Amongst their already crowded collection of titles and honours there are some that only really count in certain parts of the UK.
While we are all familiar with the names of the most prominent members of the UK Royal family, it turns out that they also have alternative titles that most people are not aware of.
Among their already crowded collection of titles and honours there are some that only really count in certain parts of the UK — and become their main name when they're there.
Senior, married members of the royal family have these regional titles, which at the moment means Prince William, Kate Middleton, and Prince Charles.
Scotland: All three have different titles in Scotland, which has a completely separate system of nobility to England, and was a distinct country until 1707.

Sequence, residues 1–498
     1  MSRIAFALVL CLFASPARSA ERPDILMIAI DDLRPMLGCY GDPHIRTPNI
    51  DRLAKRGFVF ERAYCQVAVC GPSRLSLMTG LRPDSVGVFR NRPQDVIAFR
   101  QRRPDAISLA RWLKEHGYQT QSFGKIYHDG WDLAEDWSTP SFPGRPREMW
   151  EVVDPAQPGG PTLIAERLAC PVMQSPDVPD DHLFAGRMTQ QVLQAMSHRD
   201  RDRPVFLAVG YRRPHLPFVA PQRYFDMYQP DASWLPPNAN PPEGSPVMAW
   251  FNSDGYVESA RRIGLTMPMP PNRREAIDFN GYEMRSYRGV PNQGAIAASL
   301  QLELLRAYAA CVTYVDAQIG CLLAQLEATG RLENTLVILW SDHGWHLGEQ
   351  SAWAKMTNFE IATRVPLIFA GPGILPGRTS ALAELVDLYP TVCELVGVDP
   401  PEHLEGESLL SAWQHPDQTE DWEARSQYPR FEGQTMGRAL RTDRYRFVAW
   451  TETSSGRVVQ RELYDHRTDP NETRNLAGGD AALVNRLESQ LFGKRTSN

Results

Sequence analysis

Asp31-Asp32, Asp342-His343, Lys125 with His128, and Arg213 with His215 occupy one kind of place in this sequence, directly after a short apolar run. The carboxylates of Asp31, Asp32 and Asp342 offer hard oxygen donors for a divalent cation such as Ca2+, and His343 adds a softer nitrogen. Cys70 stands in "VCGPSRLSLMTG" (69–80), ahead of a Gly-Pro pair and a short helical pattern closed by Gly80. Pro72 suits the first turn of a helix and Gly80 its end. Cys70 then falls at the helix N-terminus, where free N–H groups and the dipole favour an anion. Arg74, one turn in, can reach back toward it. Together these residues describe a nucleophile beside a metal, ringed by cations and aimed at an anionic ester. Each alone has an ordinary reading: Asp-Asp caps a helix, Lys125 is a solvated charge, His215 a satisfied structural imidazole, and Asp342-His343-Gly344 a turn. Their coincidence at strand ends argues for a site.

Prince William was given the title Earl of Strathearn when he married Kate in 2011, and in keeping with that, Kate became the Countess of Strathearn, which is their proper title when in Scotland.
For Prince Charles, his title is Duke of Rothesay. It was the historic title held by the heir to the Scottish throne before the two royal families merged in the early 1600s. His wife, Camilla, is likewise the Duchess of Rothesay.
Northern Ireland: William and Kate likewise have a title that only works in Ireland — and only in the six counties that make up Northern Ireland. The Prince is Baron Carrickfergus when in the province, and Kate is Lady Carrickfergus.
Southwest England: The Prince of Wales doesn't have an Irish title, but he is the Duke of Cornwall.
Harry and Meghan: Prince Harry currently doesn't have equivalent geographical titles. But, since William got his extra ones when he married, there is every chance the same thing will happen on the occasion of Harry's wedding.
According to Royal watchers, Harry might be made Duke of Sussex (with Meghan as Duchess), believing it to be the favourite among several vacant titles.